Some May pun, but I wouldn’t

So the time has finally come. May is going. Meh.

There’s nothing to profit from enumerating the ways in which May sucked the sweat off a drag queen’s ballsack. The newspapers and magazines of left and right are queuing up to hyperbolise about how much she was the worst ever prime minister.

I wonder if a dispassionate enquiry would indeed find her to be worse than Chamberlain who appeased Hitler, Eden who made a dogs arse of the Suez crisis, Heath who presided over our entry into the EEC in 1973, Major who signed the Maastricht treaty, creating the EU, and heralded the onset of 13 years of Labour government, or Cameron, who bequeathed the nation its current predicament.

The thing about Theresa May is that she has achieved nothing, and that’s no bad thing. For 3 years, the de facto leader of the UK establishment spent no time on the front foot, pushing an agenda, launching bold programmes of social change, managing the message, declaring wars, iconoclastically upending the foundation stones of our social, political, judicial, economic and religious edifices.

After all the damage that was done by Major, Blair, Brown and Cameron, this was a welcome break. An interregnum is what it has been.

So what happens now? I’ve already expressed my preferences as to future Conservative leaders. What I expect to happen is the coronation of Boris Johnson.

As to what happens then, well as much as I’m loathed to agree with him, I have to concede that on this occasion Matthew Parris has the most plausible hypothesis I’ve seen so far. (pastebin)

A new British prime minister, having visited the Queen to check in, and having during the course of leadership elections vowed to get a better deal from Brussels on pain of leaving without a deal, will have to hotfoot it to Brussels — and will have to return more or less empty-handed.

Such a PM will then be under enormous pressure to try to get the United Kingdom out of the EU with no deal or (more likely) a ‘managed’ no deal. At this point, both Houses of Parliament will awake from their fitful slumber and stop this happening.

The bind our PM will be in is as simple as it will be cruel. He or she will have promised the electorate something that she or he is quite unable to deliver. 

Whatever you want to say about May, all she ever tried to do was get a deal through parliament that delivered however weak and meaningless a Brexit she could get. That she lacked the hubris, machiavellianism and bald-faced sociopathy required to deliver a suitably polished turd and consign us to BRINO purgatory is something I find myself unable to hold against her.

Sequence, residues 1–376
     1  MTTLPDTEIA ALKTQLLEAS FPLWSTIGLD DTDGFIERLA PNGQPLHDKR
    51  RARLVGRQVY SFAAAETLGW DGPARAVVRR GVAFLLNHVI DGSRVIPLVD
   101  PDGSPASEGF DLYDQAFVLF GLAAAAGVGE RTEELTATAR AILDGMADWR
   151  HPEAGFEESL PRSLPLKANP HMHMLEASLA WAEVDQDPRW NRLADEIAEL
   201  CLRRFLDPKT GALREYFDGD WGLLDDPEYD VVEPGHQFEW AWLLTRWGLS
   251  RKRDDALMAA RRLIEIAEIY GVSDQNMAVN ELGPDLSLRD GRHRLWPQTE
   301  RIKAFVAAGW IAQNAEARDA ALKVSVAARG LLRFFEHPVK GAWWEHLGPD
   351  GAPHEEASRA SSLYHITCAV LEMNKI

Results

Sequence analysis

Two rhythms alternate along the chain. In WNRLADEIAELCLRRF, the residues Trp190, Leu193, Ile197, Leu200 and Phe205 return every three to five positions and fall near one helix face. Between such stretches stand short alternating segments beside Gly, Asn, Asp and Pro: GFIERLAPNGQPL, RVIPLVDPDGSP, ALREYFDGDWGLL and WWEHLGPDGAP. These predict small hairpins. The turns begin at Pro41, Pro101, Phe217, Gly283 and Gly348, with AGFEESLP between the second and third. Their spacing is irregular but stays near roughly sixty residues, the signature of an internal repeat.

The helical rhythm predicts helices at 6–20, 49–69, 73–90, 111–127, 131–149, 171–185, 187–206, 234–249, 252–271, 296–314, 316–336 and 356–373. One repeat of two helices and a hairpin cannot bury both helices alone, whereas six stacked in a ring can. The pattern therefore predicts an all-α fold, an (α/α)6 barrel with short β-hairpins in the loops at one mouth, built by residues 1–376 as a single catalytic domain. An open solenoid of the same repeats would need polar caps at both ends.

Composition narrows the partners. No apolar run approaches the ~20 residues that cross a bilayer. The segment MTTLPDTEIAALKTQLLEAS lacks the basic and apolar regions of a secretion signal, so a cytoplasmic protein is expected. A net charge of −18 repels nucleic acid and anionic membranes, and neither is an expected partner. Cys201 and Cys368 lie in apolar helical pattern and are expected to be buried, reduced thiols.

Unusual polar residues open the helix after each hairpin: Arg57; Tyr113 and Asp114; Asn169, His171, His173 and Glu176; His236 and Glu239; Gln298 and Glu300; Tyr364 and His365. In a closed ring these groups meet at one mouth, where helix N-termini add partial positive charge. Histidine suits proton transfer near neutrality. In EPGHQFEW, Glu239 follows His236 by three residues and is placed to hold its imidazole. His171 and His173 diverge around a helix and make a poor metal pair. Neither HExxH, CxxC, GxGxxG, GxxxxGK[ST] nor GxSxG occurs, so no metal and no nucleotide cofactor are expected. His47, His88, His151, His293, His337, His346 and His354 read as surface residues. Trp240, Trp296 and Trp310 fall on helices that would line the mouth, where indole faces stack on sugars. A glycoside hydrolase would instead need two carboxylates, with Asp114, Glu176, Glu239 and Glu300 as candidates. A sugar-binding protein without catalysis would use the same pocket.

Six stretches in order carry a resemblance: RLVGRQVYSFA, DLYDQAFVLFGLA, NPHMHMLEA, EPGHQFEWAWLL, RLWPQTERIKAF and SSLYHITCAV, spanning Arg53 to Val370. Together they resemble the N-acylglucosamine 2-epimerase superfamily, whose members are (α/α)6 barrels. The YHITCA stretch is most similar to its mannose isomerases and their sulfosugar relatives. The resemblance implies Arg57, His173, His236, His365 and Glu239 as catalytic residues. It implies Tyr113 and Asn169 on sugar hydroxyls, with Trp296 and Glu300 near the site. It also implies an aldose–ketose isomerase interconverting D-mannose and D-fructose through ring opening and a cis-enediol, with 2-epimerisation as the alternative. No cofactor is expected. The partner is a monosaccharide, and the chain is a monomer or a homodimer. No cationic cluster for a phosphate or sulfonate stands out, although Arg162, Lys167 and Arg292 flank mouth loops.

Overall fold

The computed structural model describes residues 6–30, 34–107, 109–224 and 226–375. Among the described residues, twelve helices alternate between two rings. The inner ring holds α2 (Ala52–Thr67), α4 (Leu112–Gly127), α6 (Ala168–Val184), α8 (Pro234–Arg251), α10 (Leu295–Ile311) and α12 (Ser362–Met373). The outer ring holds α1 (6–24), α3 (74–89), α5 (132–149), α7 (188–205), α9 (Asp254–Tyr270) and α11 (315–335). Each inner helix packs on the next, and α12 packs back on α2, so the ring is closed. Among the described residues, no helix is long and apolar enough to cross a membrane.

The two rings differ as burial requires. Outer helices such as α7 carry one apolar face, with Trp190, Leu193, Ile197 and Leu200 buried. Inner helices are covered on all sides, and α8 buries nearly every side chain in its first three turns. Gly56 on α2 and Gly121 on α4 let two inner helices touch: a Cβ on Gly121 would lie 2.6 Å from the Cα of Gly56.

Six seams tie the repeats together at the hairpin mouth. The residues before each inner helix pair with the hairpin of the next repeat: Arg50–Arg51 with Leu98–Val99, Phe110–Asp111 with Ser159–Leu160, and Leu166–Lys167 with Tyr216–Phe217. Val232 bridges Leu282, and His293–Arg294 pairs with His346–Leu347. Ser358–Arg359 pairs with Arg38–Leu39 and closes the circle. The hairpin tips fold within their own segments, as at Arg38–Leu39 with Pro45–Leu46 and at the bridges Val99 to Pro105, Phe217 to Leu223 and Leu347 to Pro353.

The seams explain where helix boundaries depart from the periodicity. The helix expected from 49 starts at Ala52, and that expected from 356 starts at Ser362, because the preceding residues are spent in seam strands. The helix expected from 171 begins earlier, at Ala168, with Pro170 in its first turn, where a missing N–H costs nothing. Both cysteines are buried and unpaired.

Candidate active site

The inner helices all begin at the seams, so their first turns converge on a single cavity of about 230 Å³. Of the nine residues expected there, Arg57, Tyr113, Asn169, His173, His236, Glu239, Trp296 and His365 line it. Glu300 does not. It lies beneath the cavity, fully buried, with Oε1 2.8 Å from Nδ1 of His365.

To imagine that anyone could have gotten a meaningfully better deal from the EU is laughable. They are a resolute enemy, steadfast in their position, as unanimous as the Borg.  All this is despite the inevitable internal tensions in the bloc: the fractious states like Hungary and Italy are more than counterbalanced by the bought & paid-for puppet states like Ireland and the brutalized marionette that is Greece.

And so here we are. As far as leaving the EU goes, it’s checkmate. Our king is dead. Parris is right. The remainers are going to get what they wanted.

Quite whether they bargain for the shitstorm that will follow the betrayal remains to be seen. The story of the Brexit party and the votes they get at the expense of Labour and Tories will just be the start of this chapter.

The EU didn’t demur when Macron demanded that this is all done by the end of October, one way or the other.

There is no happy outcome. Times are about to get interesting and people are about to get mad as hell.



2 thoughts on “Some May pun, but I wouldn’t

  1. The negotiating strategy all along should have been “Nice European Union you have there, shame if anything were to happen to it”.

    The EU has to been seen as a hostile force and treated as such, or at least the impression given that it could be treated as such. Why when there were those riots over a referendum in Spain did we not offer tacit support to the separatists, why haven’t diplomats been seen with representatives of the various independence movements over the EU.

    From a UK foreign policy perspective the EU is a threat that needs to be removed, any negotiation has to have an ultimate aim that in 10, 20 or 30 years the EU will not be there.

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